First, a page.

12/11/2018 08:23 GMT | Updated 12/11/2018 08:23 GMT

How Michelle Obama Talking About Her IVF And Miscarriage Experience Will Help Women Like Me Who Struggled To Conceive

I suffered miscarriage and lost a baby to ectopic pregnancy - Michelle reminds us we are not broken, we have not failed and we are not alone

Charles Sykes/Invision/AP

For many women, infertility and miscarriage are synonymous with failure, a lack of worth and self-respect. We’re left to feel incomplete and defective because making, having, and carrying a child does not come as naturally, or as easily as we’ve always imagined it should. We’ve grieved alone. We’ve felt isolated, ostracised, hiding our humiliation from a society for which pregnancy and babies are a celebrated norm, despite not being so, for all. For many of us, a future of childlessness, assisted conception, and the desolation of miscarriage, are the painful realities of our “normal” lives.

The revelation that former First Lady Michelle Obama suffered miscarriage and underwent IVF, in order to conceive is, to me, both empowering and deeply saddening. It’s truly encouraging to hear a powerful, hugely influential woman, speaking out about infertility and pregnancy loss; letting others know they should never have to feel “lost and alone”, that it’s not something we should ever have to disguise. Yet, it’s devastating that we’ve, previously, lived in a world whereby it’s taken twenty years, for such a prominent figure, to find the courage to share something, in which there is absolutely no shame.

Infertility is real and miscarriage happens, probably more commonly than we’re led to believe. In the UK alone, around one in seven couples are known to require medical intervention, in order to conceive and, tragically, one in five pregnancies ends in miscarriage. That’s a lot of grief and anguish and broken dreams which, in many cases, goes unspoken.

I never expected to struggle to conceive, to battle with infertility in a war which is all consuming and fought on a daily basis. When facing the world becomes increasingly difficult because we’re surrounded by pregnancy, babies and a perceived judgement that, to use Michelle’s words; “somehow we’re broken”. Which indeed we are, just not in the physical sense; infertility has the power to crush the spirit of those in its clutches, and miscarriage is heart-breaking. And so we do “sit in our own pain”, mourning a unique kind of loss.

Just like Michelle, I believed I’d failed; my husband, my family, the child I was carrying and society. And, just like many others out there, I felt I was to blame too, that I was guilty; wracking my brains to find the something I must have done to wrong the universe, wondering how I could right the past. I’ve since come to learn that it wasn’t anything I’d done. It was merely our life.

No one wants to talk about the dark side of pregnancy and it’s saddening to think that many women have lived for so long, with the secret shame of sorrow. I’m acutely aware that, finding the words, to voice such anguish, isn’t easy; I lived with the fear that I’d be pitied and seen as a weaker, useless version of myself. Or judged, by my lifestyle, or choices, or simply deemed unworthy, because I was unable to procreate. I discovered, the hard way, that infertility and miscarriage are inextricably linked to self worth. Admitting the truth takes a strength which, at times, I certainly didn’t posses, and I know I’m not alone in that; lots of us, Michelle included, have undoubtedly had to face that same anxiety and, grievously, more will. However, had I found the courage in honesty, I’d have learned that, by no means, was I companion-less.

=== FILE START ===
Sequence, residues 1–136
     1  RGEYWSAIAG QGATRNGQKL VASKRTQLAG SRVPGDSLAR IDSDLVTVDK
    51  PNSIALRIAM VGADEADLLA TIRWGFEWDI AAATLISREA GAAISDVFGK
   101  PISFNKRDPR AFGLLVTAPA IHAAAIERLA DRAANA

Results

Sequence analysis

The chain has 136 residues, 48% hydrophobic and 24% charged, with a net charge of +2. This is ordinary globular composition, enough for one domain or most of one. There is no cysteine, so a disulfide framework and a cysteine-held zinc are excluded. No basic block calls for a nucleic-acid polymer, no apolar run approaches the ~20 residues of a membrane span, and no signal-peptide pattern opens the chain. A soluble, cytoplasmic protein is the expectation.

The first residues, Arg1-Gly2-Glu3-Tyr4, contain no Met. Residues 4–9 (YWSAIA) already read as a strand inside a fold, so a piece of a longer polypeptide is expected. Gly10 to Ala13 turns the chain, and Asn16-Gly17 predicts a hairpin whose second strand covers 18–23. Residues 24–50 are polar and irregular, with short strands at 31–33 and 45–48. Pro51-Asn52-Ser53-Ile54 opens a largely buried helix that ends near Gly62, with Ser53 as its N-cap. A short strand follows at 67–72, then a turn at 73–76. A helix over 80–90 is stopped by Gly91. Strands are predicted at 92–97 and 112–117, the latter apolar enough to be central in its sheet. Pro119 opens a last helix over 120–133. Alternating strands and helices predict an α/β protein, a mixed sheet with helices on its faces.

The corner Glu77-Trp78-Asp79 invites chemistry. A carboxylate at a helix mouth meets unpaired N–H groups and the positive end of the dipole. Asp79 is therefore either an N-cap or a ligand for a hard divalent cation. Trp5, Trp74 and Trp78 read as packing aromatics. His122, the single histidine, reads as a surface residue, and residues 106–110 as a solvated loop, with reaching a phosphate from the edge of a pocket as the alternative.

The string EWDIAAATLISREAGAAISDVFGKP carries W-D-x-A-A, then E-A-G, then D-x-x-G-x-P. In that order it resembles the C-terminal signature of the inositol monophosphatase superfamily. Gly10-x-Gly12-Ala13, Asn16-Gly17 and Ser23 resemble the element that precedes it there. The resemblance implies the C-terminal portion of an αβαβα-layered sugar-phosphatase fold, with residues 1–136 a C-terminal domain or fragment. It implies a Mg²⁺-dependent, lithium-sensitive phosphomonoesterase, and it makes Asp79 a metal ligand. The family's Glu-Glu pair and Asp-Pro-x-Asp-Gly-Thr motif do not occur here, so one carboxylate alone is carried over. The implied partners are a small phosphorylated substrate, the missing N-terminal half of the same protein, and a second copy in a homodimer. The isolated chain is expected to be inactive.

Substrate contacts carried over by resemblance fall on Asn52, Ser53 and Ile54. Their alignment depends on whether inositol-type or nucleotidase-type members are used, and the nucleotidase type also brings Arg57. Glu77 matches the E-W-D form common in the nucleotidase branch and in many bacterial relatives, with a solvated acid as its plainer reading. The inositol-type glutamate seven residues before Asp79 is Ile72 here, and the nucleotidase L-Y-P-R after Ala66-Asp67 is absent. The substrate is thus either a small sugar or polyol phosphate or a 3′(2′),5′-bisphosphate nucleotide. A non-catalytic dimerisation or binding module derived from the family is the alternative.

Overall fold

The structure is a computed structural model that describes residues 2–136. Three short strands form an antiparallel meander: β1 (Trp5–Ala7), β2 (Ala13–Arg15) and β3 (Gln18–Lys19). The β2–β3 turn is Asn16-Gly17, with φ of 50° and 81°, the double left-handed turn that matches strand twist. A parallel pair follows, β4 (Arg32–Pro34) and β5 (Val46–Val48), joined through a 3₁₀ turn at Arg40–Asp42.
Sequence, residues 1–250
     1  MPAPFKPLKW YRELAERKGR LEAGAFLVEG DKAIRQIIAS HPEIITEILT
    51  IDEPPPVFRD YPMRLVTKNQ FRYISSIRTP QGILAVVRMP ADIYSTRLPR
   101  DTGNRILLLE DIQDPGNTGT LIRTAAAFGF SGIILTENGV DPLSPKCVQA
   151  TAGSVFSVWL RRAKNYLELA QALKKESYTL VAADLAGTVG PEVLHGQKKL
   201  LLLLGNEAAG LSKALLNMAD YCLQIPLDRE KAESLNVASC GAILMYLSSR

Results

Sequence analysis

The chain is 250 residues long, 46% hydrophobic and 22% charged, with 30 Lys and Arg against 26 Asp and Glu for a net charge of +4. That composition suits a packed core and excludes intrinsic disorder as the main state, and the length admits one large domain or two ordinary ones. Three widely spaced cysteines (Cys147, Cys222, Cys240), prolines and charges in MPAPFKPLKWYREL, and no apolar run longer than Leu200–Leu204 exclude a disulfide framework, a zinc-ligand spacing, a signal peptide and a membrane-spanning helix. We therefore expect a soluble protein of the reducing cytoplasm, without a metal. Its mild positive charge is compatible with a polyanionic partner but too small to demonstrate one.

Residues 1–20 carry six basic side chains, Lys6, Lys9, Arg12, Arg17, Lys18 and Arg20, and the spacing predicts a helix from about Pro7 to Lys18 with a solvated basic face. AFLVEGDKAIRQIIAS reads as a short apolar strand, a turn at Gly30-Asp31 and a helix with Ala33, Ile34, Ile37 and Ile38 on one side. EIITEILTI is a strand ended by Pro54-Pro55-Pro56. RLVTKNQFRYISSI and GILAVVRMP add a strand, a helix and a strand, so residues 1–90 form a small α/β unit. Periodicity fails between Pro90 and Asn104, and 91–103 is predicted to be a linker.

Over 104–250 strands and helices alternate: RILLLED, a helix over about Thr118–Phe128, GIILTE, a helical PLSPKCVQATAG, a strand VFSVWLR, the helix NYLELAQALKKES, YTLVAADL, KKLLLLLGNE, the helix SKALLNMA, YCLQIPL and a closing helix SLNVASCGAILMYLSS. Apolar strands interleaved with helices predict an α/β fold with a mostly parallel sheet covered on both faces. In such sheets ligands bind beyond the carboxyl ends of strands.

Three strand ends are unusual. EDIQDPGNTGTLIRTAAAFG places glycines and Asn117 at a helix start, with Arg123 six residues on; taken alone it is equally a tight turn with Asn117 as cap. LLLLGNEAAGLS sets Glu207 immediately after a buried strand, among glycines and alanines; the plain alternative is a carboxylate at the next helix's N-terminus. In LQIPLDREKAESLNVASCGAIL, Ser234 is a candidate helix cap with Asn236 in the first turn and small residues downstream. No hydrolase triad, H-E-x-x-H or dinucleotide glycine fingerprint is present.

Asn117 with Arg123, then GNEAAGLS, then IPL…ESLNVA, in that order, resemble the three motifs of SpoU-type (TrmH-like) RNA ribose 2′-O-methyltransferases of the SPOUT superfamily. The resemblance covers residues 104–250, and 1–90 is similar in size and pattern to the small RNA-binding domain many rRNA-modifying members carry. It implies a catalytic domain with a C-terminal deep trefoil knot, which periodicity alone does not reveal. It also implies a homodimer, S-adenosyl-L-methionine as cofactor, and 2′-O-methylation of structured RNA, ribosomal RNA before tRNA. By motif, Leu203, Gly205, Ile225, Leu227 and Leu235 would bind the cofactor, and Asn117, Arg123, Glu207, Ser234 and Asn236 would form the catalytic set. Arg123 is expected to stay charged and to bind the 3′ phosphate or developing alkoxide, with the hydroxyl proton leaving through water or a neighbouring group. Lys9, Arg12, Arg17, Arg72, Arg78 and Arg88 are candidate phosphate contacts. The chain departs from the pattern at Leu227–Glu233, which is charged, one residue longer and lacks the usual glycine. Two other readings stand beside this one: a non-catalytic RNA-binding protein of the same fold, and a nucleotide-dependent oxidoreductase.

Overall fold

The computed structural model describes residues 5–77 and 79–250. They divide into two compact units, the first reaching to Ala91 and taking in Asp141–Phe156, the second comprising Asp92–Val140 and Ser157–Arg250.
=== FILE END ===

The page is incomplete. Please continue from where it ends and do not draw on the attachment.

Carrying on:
I’ve been overwhelmed by the sheer amount of people for whom infertility and miscarriage has overshadowed their lives. Friends I’ve known for years, who have only just admitted they suffered pregnancy loss, or needed the assistance of medical science to start a family. And we’ve been able to talk about it. To share in a loss, which is difficult to understand, to process and to grieve. A part of us we’ve kept buried, beneath the surface of a successful exterior, in case we are seen as inadequate.

But this is, thankfully, changing.

Like all women, and men, who speak out about infertility and pregnancy loss, Michelle inspires hope. Hope that together we can break taboos and banish any, unjust, stigma involved. The hope that by a talented, successful woman raising awareness, more conversations will be started, more support will be given and more grieving, ever-hopeful couples will feel less isolated and afraid.

And so I stand united, and proudly, with Michelle and the multitude of other strong, brave and wonderful women, who battle infertility and live with the shame IVF and miscarriage can bring. My child is a result of science meeting love. I’ve suffered miscarriage. I lost a baby to ectopic pregnancy. And I’m, simultaneously, humbled and proud of my history. I wear my scars with dignity. We are not broken. We have not failed and neither are we alone. We are not infertility.